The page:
|August 12, 2020
Contact: Kylie Mason
Phone: (850) 245-0150
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TALLAHASSEE, Fla.—Attorney General Ashley Moody is urging Congress to provide for federal penalties against individuals who deliberately target local, state, federal or tribal law enforcement officers with violence. Attorney General Moody sent a letter to congressional leaders to take up and pass the Protect and Serve Act of 2019. The Act provides for a federal prison term of up to 10 years for anyone who knowingly assaults a law enforcement officer, causing serious bodily injury under circumstances where the crime affects interstate or foreign commerce. The call to action follows a disturbing increase in line-of-duty deaths nationwide—there are more officer deaths so far this year than all of 2019.
Attorney General Ashley Moody said, “Legislation identical to the Protect and Serve Act of 2019 received overwhelming, bipartisan support in passing the U.S. House just a few years ago, then somehow stalled. But this Act is needed now more than ever, as law enforcement officer deaths are rising at an alarming pace. I am calling on our congressional leaders to demonstrate courage and stand up for our officers who risk their lives daily to protect American communities we all love. PASS THE ACT.”
The Act is co-sponsored by two Florida lawmakers, Congresswoman Val Demings and Congressman John Rutherford, along with 35 other members of the U.S. House. Soon after being introduced, a total of 220 Republican and 162 Democratic House members voted for the Protect and Serve Act of 2018, with only 35 members voting against it. The latest version of the Act is almost identical to the 2018 legislation. In 2019, the Act was reintroduced and referred to the House Judiciary Committee. The committee has taken no action on the legislation since February 2019.
To view the Act, click here.
To read Attorney General Moody’s letter to Congress, click here.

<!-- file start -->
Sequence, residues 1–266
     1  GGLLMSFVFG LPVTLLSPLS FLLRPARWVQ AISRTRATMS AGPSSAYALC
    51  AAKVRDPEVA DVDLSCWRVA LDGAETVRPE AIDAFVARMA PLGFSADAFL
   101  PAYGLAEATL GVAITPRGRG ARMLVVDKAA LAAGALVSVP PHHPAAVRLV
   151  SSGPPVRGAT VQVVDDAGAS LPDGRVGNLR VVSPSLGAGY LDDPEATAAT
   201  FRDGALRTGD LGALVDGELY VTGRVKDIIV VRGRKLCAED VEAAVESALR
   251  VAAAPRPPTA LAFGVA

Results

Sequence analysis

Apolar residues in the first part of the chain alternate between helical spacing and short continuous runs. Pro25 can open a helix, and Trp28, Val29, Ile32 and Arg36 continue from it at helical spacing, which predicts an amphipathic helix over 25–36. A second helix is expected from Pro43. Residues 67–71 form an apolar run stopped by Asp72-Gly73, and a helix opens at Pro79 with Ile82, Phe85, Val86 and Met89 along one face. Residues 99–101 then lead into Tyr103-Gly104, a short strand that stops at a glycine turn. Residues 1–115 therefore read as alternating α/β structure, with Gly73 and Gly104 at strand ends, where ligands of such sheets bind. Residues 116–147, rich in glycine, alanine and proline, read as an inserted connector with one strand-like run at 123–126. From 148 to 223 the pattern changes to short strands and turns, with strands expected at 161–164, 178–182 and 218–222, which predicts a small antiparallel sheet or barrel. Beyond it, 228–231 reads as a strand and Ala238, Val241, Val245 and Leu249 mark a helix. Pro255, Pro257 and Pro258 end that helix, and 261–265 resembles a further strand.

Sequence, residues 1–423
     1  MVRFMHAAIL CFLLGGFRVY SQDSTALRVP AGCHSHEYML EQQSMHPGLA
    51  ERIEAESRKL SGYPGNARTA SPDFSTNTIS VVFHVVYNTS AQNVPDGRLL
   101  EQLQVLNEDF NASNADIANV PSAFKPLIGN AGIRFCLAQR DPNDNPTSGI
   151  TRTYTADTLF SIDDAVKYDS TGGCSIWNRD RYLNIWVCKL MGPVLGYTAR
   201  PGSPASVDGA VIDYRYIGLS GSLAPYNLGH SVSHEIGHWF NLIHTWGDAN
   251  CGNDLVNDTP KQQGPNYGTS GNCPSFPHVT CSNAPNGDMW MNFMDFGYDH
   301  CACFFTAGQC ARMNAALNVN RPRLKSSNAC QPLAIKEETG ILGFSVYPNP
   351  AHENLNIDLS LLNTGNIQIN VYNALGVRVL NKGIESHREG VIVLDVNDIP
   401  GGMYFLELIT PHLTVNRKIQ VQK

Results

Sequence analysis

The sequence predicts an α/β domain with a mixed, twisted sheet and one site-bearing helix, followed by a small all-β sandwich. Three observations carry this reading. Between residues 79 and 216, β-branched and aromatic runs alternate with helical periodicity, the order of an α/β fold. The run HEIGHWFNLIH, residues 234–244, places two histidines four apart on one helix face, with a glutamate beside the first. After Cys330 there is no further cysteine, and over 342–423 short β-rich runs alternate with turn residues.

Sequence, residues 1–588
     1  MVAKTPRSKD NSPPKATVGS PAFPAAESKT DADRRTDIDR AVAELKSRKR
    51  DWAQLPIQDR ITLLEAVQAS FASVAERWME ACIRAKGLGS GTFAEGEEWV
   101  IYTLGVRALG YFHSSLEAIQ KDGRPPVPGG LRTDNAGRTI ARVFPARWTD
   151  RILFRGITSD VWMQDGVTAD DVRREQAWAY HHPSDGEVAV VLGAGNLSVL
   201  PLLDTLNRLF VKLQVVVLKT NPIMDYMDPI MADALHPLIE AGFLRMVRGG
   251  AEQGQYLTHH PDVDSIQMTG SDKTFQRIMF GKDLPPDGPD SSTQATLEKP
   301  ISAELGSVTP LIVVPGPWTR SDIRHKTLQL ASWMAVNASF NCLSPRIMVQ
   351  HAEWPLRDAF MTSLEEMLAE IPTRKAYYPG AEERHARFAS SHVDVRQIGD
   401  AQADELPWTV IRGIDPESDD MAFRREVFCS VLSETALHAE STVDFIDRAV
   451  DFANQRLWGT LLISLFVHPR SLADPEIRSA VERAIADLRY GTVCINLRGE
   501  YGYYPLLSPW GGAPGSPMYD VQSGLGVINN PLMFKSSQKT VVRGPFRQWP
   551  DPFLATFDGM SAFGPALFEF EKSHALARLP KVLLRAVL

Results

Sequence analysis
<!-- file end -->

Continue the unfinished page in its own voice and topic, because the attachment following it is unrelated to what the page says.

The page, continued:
Earlier this week, Attorney General Moody urged Floridians to support their local law enforcement and highlighted a grave trend—line-of-duty deaths in 2020 have now outpaced all officer deaths recorded last year. For more information on this alarming trend, click here.
Attorney General Moody is working to deter the increase in law enforcement officer deaths and to support the family members of officers killed after contracting COVID-19. Attorney General Moody serves on President Donald J. Trump’s Commission on Law Enforcement and the Administration of Justice. The commission is working to identify strategies and innovative solutions to help reduce crime, support officers, improve policing and protect Americans.
Attorney General Moody also led a bipartisan coalition of attorneys general in support of the Safeguarding America’s First Responders Act. The SAFR Act permits the families of first responders, who die or are permanently and totally disabled as a result of COVID-19, to receive the same federal benefits extended to those public servants otherwise killed or injured in the line of duty.
Since taking office, Attorney General Moody has explored additional ways to promote positive impacts of law enforcement officers on local communities. Soon after becoming Attorney General, Moody launched a statewide Back the Blue campaign. The campaign highlights law enforcement officers, citizens and organizations taking extraordinary steps to forge positive relationships between law enforcement and the communities they serve. Attorney General Moody also partnered with law enforcement agencies to encourage the growth of Big Brothers Big Sisters’ mentorship program, Bigs in Blue. This program connects at-risk youth with law enforcement mentors. Six months after Attorney General Moody’s partnership, more than 115 new mentorship relationships were formed and four new Bigs in Blue programs were created in Florida.